network segments.  As depicted in Figure 4, ConEx Lite allows a
       tunnel receiver to monitor the volume of bytes that has been
       lost, dropped, or ECN-CE (Congestion Experienced) marked between
       the tunnel sender and receiver.  For that purpose, a new field
       called the Byte Sequence Marker (BSN) is introduced to the tunnel
       header to identify the byte in the flow of data from the tunnel
       sender to the tunnel receiver.  A policer at the tunnel sender is
       expected to react according to the tunnel congestion volume (see
       [conex-lite] for details).
                                     | Web server |
                                     | w/ ConEx   |
                            |                  |  |
                            |     Internet     |  |
                            |                  |  |
   |                                           |       |
   |                                     +-----------+ |
   |                                     | Web cache | |
   |                                     | w/ ConEx  | |
   |                                     +-----------+ |
   |                                           |       |
   |  +----+     +-------+     +-------+     +-------+ |
   |  | UE |=====|  eNB  |=====|  S-GW |=====|  P-GW | |
   |  +----+     +-------+     +-------+     +-------+ |
   |                                                   |
   |              Operator A                           |

Figure 1: ConEx Support on Servers and Caches

   |  +----+     +-------+     +-------+     +-------+ |
   |  | UE |=====|  eNB  |=====|  S-GW |=====|  P-GW | |
   |  +----+     +-------+     +-------+     +-------+ |
   |                                           |       |
   |              Operator A                   |       |
                            |                     |
                            |     Internet        |
                            |                     |
   |  +----+     +-------+     +-------+     +-------+ |
   |  | UE |=====|  eNB  |=====|  S-GW |=====|  P-GW | |
   |  +----+     +-------+     +-------+     +-------+ |
   |                                                   |
   |              Operator B                           |

Figure 2: ConEx Deployment across Operator Domains

   |   |---            ConEx path            ---|      |
   |   v                                        v      |
   |  +----+     +-------+     +-------+     +-------+ |
   |  | UE |=====|  eNB  |=====|  S-GW |=====|  P-GW | |
   |  +----+     +-------+     +-------+     +-------+ |
   |                                           |       |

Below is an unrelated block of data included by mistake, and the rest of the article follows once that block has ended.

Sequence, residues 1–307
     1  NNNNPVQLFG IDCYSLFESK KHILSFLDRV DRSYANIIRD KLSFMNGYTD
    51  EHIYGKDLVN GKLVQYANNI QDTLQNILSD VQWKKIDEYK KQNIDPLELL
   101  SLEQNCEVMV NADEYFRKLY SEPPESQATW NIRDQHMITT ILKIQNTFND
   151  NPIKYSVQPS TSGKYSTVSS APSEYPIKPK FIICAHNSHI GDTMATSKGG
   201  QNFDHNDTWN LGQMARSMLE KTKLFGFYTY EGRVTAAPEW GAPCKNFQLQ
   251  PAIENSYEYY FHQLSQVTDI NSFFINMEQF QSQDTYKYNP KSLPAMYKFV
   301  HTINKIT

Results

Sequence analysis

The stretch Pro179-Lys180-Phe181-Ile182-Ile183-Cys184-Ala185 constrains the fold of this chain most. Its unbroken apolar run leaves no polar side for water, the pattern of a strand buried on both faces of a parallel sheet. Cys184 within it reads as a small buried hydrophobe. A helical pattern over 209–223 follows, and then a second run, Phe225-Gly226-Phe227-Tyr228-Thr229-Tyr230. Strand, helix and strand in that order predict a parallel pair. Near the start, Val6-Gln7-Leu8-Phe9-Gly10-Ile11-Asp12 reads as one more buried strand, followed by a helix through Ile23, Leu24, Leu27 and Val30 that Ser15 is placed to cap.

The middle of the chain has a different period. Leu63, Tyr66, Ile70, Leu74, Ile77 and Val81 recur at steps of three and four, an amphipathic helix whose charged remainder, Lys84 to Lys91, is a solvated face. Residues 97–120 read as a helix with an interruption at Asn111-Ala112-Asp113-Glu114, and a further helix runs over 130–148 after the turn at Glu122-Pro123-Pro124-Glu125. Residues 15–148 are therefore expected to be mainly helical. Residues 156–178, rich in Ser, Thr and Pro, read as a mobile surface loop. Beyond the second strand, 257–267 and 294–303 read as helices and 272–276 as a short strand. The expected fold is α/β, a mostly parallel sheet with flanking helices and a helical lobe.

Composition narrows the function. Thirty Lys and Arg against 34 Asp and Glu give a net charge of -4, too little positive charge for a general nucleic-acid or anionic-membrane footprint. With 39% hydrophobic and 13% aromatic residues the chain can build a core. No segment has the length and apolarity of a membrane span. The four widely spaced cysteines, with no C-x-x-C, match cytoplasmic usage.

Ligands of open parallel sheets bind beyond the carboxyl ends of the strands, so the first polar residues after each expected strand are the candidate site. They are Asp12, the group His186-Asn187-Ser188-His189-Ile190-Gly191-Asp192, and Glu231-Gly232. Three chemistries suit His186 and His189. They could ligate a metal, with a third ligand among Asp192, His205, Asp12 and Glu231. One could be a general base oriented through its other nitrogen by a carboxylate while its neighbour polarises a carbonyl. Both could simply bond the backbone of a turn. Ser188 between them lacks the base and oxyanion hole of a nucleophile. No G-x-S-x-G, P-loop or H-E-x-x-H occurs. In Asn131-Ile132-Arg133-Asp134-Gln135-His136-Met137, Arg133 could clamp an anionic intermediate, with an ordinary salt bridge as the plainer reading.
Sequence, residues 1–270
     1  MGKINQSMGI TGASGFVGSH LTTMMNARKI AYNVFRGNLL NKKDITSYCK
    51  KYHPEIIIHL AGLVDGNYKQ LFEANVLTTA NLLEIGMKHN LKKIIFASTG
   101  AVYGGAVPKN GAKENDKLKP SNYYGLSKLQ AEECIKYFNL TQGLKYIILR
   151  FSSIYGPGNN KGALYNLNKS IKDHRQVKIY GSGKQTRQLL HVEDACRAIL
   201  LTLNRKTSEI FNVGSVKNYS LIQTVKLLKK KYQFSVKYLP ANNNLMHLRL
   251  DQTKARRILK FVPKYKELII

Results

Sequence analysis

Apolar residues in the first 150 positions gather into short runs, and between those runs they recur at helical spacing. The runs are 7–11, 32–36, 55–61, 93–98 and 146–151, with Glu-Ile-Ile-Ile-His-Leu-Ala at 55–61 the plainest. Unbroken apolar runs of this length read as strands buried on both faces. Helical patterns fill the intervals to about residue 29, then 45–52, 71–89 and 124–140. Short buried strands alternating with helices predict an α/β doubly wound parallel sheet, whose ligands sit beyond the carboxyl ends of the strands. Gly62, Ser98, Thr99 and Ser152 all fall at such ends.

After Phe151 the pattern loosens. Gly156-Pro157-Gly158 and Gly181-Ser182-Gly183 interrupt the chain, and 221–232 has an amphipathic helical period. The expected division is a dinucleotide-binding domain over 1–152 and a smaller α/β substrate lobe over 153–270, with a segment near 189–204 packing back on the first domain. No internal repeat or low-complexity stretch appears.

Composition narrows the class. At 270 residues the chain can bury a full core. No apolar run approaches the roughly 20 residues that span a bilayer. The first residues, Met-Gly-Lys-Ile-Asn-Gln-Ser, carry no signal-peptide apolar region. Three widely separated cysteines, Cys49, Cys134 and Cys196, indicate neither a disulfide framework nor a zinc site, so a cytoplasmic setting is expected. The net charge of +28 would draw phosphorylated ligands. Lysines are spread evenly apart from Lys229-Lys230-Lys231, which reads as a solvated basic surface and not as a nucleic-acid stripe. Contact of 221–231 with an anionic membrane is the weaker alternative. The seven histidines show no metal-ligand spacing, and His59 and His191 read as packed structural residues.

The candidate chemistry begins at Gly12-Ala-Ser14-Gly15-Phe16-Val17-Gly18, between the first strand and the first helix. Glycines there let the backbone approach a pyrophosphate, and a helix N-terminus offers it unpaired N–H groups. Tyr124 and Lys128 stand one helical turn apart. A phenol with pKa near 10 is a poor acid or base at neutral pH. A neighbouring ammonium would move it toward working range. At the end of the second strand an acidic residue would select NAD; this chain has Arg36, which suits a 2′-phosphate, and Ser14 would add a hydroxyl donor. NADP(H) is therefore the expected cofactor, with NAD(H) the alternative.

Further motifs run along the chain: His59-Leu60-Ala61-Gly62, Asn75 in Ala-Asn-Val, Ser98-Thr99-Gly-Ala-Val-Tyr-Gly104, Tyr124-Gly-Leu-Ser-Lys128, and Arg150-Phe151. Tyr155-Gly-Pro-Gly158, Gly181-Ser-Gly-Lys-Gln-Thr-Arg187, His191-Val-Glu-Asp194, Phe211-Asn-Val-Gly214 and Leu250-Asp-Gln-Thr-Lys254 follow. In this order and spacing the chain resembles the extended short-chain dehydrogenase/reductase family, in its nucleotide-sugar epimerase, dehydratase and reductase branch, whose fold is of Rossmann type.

|              Operator A                   |       |
                            |                     |
                            |     Internet        |
                            |                     |
   |  +----+     +-------+     +-------+     +-------+ |
   |  | UE |=====|  eNB  |=====|  S-GW |=====|  P-GW | |
   |  +----+     +-------+     +-------+     +-------+ |
   |                                                   |
   |              Operator B                           |

Figure 3: ConEx Deployment in a Single Operator Domain

                   Backhaul Network     Core Network
                  +---------------+  +--------------+
                  |               |  |              |
                  | BSN or ECN-CE |  |              |
                  | marked        |  |              |
                  | packets       |  |              |
                  |    <---       |  |              |
   +----+     +-------+       +----------+       +-------+  +--------+
   |    |     |       | GTP-U |          | GTP-U |       |  |        |
   | UE |=====|  eNB  |=======|   S-GW   |=======|  P-GW |==|Internet|
   |    |     |       | Tunnel|          | Tunnel|       |  |        |
   +----+     +-------+       +----------+       +-------+  +--------+
                  |    --->       |  |              |
                  | User/control  |  | User/control |
                  | packets with  |  | packet with  |
                  | DL congestion |  | DL congestion|
                  | vol counters  |  | vol counters |
                  |               |  |              |
                  +---------------+  +--------------+

Figure 4: ConEx Lite Deployment


DL stands for "downlink".

3.2. Implementing ConEx Functions in the EPS

We expect a ConEx solution to consist of different functions that should be considered when implementing congestion exposure in the 3GPP EPS. [RFC7713] describes the following congestion exposure components:

  • Modified senders that send congestion exposure information in response to congestion feedback.
  • Receivers that generate congestion feedback (leveraging existing behavior or requiring new functions).
  • Audit functions that audit ConEx signals against actual congestion, e.g., by monitoring flows or aggregate of flows.
  • Policy devices that monitor congestion exposure information and act on the flows according to the operator's policy.

Two aspects are important to consider: 1) how the ConEx protocol mechanisms would be implemented and what modifications to existing networks would be required, and 2) where ConEx functional entities would be placed best (to allow for a non-invasive addition). We discuss these two aspects in the following sections.